“It is important to apply the principle of social justice, so that the most vulnerable citizens in the country are taken into consideration. ASCAB demands that there must be an increase in the production of vaccines and the distribution in the global search to ensure that lives are protected, including the vulnerable citizens. Health is wealth and the pandemic facing us today requires proactive action,” he said.

FG, others’ reactions

Speaking with this reporter, the president, Lawyers Alert, Mr. Rommy Mom, said the distribution of Covid-19 vaccines should be seen as a world public good and a human right across the globe.

“The need to have vaccines in the arms and protect lives is important, but only if we see it as a human rights issue; then as human beings, we have a right to get it. Human rights simply means by virtue of being born, the rights are yours and innate, and cannot be taken away. The issue of right to life and well-being according to the charters explains that it does not matter what part of the world we live in, everyone has a right and should get vaccinated,” he said.

FG

On June 15, while updating Nigerians in Abuja during a press conference on the status of Covid-19 vaccination in Nigeria, the Executive Director/CEO of the National Primary Health Care Development Agency (NPHCDA), Dr. Faisal Shuaib, said that 680,345 have received the second doses of Covid-19 vaccines, while 1,978,808 have received the first doses as of June 15.

He said, “Our dedicated teams continue to make strides in the vaccine rollout, working hand in hand with the local communities all across Nigeria. As of today, we have administered 1,978,808 first doses of the Covid-19 vaccine and 680,345 second doses.

“Efforts to ensure supply of safe and effective Covid-19 vaccines in Nigeria are ongoing. We are fully committed to going to communities to discuss directly our vaccine effort, the importance of staying safe and protected against Covid-19 and answering questions people have.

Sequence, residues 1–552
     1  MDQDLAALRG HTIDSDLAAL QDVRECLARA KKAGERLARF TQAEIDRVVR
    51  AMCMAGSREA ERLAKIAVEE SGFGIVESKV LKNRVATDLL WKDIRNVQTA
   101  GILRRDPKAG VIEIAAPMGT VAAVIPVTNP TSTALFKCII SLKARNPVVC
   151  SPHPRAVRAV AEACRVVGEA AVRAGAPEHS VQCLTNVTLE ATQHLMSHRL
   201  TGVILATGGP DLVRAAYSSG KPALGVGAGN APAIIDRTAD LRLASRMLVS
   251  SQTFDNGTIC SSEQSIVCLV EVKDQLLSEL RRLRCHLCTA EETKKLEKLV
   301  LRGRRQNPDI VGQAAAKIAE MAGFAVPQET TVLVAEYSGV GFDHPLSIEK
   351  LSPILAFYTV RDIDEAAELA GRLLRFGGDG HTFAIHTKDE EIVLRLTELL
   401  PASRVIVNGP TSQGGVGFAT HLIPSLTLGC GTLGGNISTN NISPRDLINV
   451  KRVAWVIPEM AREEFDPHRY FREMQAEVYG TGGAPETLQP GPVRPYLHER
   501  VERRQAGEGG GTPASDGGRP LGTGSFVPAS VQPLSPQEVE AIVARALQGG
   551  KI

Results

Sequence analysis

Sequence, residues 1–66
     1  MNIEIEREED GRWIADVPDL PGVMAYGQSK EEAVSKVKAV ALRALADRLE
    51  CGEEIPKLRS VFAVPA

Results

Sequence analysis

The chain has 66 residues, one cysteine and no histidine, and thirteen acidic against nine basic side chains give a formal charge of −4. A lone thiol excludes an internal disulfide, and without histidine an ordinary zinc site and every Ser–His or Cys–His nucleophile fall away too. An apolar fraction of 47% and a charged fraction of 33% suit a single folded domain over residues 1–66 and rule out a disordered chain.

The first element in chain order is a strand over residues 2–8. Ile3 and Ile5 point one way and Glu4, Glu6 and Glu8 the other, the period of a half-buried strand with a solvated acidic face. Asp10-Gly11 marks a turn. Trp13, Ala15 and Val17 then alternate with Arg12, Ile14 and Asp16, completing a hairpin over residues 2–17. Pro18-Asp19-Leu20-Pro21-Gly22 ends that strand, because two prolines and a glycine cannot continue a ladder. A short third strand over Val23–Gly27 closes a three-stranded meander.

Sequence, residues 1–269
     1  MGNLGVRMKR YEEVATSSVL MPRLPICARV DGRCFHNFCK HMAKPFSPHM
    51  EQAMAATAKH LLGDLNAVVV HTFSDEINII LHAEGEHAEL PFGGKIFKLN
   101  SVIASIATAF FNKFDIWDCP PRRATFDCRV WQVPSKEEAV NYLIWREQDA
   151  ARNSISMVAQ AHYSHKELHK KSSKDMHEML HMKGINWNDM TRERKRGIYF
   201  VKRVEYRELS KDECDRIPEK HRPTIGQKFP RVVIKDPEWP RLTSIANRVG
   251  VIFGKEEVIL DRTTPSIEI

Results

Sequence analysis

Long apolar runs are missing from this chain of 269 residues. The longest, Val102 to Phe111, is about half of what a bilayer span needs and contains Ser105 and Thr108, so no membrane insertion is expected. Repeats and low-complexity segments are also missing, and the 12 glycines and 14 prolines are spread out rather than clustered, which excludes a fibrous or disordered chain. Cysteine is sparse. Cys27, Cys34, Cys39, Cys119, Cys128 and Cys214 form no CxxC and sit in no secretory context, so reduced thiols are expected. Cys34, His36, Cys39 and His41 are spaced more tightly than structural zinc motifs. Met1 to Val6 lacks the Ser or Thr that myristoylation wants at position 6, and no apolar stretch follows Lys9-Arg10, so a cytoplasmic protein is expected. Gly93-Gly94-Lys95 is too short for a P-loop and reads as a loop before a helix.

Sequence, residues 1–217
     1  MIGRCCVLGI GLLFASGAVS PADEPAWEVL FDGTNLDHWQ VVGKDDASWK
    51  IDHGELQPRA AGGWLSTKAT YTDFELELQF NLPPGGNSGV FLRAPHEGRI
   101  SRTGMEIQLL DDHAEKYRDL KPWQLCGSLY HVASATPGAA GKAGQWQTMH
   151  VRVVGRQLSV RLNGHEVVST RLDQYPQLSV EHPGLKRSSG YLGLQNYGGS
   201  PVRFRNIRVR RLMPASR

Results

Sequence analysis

“We now have information that Nigeria will get 3.92 million doses of Oxford/Astrazeneca by end of July or early August. As we receive additional information on the exact dates in August, we will provide an update regarding timelines and details of this.

“While we are working with our international partners to confirm the next shipment of vaccines to Nigeria, I wish to speak about the G7 summit that occurred over the weekend. The topic of global inequities in the vaccine supply was a significant focus of the G7 meeting. Rightfully so, leaders of major, rich countries are becoming increasingly aligned with the thinking that the inequities cannot continue – not only because it is a moral failure but because it is strategically unwise for their own efforts to end the Covid-19 pandemic.

“On the final day of the summit, leaders committed to delivering at least 1 billion coronavirus vaccine doses to the world over the next year. While this will not close the enormous gap that exists today, it is a positive step and we welcome the new focus.”

He said Further that, “Additionally, President Biden announced on the eve of the summit that the US will purchase 500 million doses of the Pfizer-bioNTech vaccine and donate them to low- and middle-income countries through the next year. This pledge is by far the largest yet by one country. These doses will be distributed via Covax. We welcome this announcement and encourage other nations with the means to follow the US’ example so that we, as a global community, can move forward from Covid-19 swiftly.

“In other positive news, the Mastercard Foundation has pledged to donate $1.3 billion for vaccines in Africa over the next three years in partnership with the Africa Centers for Disease Control and Prevention. This is one of the largest corporate donations of the pandemic, globally. The goals of this cooperation are to strengthen the Africa CDC’s capacity, support local vaccine manufacturing, procure vaccines for at least 50 million people, and help deliver shots to millions more. We applaud Mastercard’s decision, and hope it will serve as an impetus for other corporations to follow with similar efforts.”